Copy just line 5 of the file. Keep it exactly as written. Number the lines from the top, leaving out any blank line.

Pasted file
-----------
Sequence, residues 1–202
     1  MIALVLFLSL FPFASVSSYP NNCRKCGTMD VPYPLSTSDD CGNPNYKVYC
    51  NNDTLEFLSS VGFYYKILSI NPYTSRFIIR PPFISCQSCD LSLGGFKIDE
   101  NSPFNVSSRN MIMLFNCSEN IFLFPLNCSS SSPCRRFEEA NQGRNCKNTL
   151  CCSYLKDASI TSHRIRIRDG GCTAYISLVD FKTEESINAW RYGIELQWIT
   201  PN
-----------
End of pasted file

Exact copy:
   151  CCSYLKDASI TSHRIRIRDG GCTAYISLVD FKTEESINAW RYGIELQWIT